BACKGROUND: Echocardiography is pivotal in the diagnosis of pericardial effusion and tamponade physiology. Ultrasound guidance for pericardiocentesis is currently considered the standard of care. Several approaches have been described recently, which differ mainly on the site of puncture (subxiphoid, apical, or parasternal). Although they share the use of low-frequency probes, there is absence of complete control of needle trajectory and real-time needle visualization. An in-plane and real-time technique has only been described anecdotally.
METHODS AND RESULTS: A retrospective analysis of 11 patients (63% men, mean age: 37.7±21.2 years) presenting with cardiac tamponade admitted to the tertiary-care emergency department and treated with parasternal medial-to-lateral in-plane pericardiocentesis was carried out. The underlying causes of cardiac tamponade were different among the population. All the pericardiocentesis were successfully performed in the emergency department, without complications, relieving the hemodynamic instability. The mean time taken to perform the eight-step procedure was 309±76.4 s, with no procedure-related complications.
CONCLUSION: The parasternal medial-to-lateral in-plane pericardiocentesis is a new technique theoretically free of complications and it enables real-time monitoring of needle trajectory. For the first time, a pericardiocentesis approach with a medial-to-lateral needle trajectory and real-time, in-plane, needle visualization was performed in a tamponade patient population.
METHODS: This was a cross-sectional study that included 47 patients with post-traumatic osteomyelitis of the lower limb. Functional outcome was assessed using the Lower Extremity Functional Score (LEFS), and quality of life was assessed using the validated Malay version of Short Form-36 version 2.
RESULTS: Mean follow-up time was 4.6 (range 2.3-9.5) years. Median age was 44 years. Osteomyelitis was located in the tibia for 26 patients and in the femur for 21 patients. Osteomyelitis was consequent to internal infection in 38 patients and due to infected open fractures in nine patients. 42 (89.4%) patients had fracture union and control of infection. Bone defect was found to be a significant contributing factor for treatment failure (p = 0.008). The median LEFS for the success group was 65 when compared to 49 for the failure group. Although the success group showed better scores with regard to quality of life, the difference between the two groups was not statistically significant.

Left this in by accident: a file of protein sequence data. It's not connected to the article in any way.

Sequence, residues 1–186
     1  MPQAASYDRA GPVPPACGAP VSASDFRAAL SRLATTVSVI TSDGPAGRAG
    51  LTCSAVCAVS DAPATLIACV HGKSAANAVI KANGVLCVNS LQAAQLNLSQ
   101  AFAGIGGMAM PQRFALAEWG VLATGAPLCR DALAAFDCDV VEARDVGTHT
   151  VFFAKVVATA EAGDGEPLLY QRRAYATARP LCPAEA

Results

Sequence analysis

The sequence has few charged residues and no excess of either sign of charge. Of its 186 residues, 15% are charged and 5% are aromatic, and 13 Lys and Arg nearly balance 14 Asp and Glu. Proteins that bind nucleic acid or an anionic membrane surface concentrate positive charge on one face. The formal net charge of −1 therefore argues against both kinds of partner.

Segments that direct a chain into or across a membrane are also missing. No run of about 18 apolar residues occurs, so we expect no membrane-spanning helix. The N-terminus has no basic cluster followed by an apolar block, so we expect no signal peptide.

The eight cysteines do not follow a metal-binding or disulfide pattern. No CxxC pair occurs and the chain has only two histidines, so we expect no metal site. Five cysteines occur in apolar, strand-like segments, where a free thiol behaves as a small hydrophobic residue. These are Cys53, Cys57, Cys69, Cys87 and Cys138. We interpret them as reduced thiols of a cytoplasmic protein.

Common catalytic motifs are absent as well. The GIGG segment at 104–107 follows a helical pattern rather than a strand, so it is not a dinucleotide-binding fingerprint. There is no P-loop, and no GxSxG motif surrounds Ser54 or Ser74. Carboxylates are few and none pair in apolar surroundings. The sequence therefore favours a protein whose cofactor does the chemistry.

CONCLUSION: The success rate for post-traumatic osteomyelitis of the lower limb was high. The presence of a bone defect was associated with treatment failure. Successfully treated patients had significantly better functional outcomes than failed ones.
Methods: This study comprised of two phases namely discovery and verification. In the discovery phase, proteins in the pooled plasma samples from young male adults between 18 and 45 years (10 AMI patients and 10 controls) were separated using two-dimensional electrophoresis. The protein spots that were expressed differently in the AMI patients were identified via matrix-assisted laser desorption/ionisation time-of-flight mass spectrometry. The plasma concentrations of these proteins were quantified using enzyme-linked immunosorbent assay during the verification phase (40 AMI patients and 80 controls).
Results: Haptoglobin (Hp), apolipoprotein AI (Apo AI) and apolipoprotein AIV (Apo AIV) were up-regulated in the discovery phase. In the verification phase, the plasma concentration of Hp was significantly higher in AMI patients than the controls (P < 0.001). Logistic regression showed an association between Hp and AMI in young adults (odds ratio [OR] = 1.016, 95% CI: 1.002-1.030, P = 0.025) independent of other AMI risk factors. Hp was significantly correlated with high sensitivity C-reactive protein (hs-CRP) (r = 0.424, P < 0.001).
Conclusion: In young adults with AMI, plasma Hp concentrations were elevated and it is independently associated with AMI. A positive correlation with hs-CRP suggests Hp could be a potential biomarker of AMI in young adults.